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President Kennedy’s Race Speech Was Seventh Televised Address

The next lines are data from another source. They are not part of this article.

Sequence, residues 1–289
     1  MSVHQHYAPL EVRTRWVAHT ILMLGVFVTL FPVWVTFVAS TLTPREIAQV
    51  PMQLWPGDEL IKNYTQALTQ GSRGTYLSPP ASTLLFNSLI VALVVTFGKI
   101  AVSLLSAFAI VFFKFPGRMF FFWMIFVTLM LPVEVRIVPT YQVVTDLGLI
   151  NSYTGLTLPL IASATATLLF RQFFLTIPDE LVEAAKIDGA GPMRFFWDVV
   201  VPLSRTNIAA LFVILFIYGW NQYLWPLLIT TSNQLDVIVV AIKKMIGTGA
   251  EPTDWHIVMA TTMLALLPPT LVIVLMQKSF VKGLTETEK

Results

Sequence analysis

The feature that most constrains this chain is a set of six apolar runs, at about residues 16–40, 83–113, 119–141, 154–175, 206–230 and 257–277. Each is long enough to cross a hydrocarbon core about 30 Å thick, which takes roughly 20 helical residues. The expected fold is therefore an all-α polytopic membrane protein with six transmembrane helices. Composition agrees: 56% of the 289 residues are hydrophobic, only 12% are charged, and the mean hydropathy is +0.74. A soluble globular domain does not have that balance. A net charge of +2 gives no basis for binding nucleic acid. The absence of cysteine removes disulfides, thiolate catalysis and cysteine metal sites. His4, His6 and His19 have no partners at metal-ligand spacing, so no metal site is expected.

June 12, 1963 - President Kennedy’s speech last night on racial problems in the nation marked the seventh time in 28 months that the President has addressed the nation over television and radio networks on matters of grave concern to the United States. On six previous occasions, Mr. Kennedy felt that the urgency of events impelled him to make special addresses to the people. The President first utilized this approach on June 6, 1961, after returning from his Vienna summit conference with Soviet Premier Nikita Khrushchev. He later addressed the nation on July 25, 1961, to declare America’s determination to fight Red aggression in Berlin; on May 2, 1962, to announce the U.S. would resume nuclear testing in the atmosphere; on Aug. 13, 1962, to promise a tax cut in 1963; on Sept. 30, 1962, to explain why the Federal government had compelled the University of Mississippi to enroll Negro James Meredith; and on Oct. 22, 1962, to notify the world that the U.S. would blockade Cuba.


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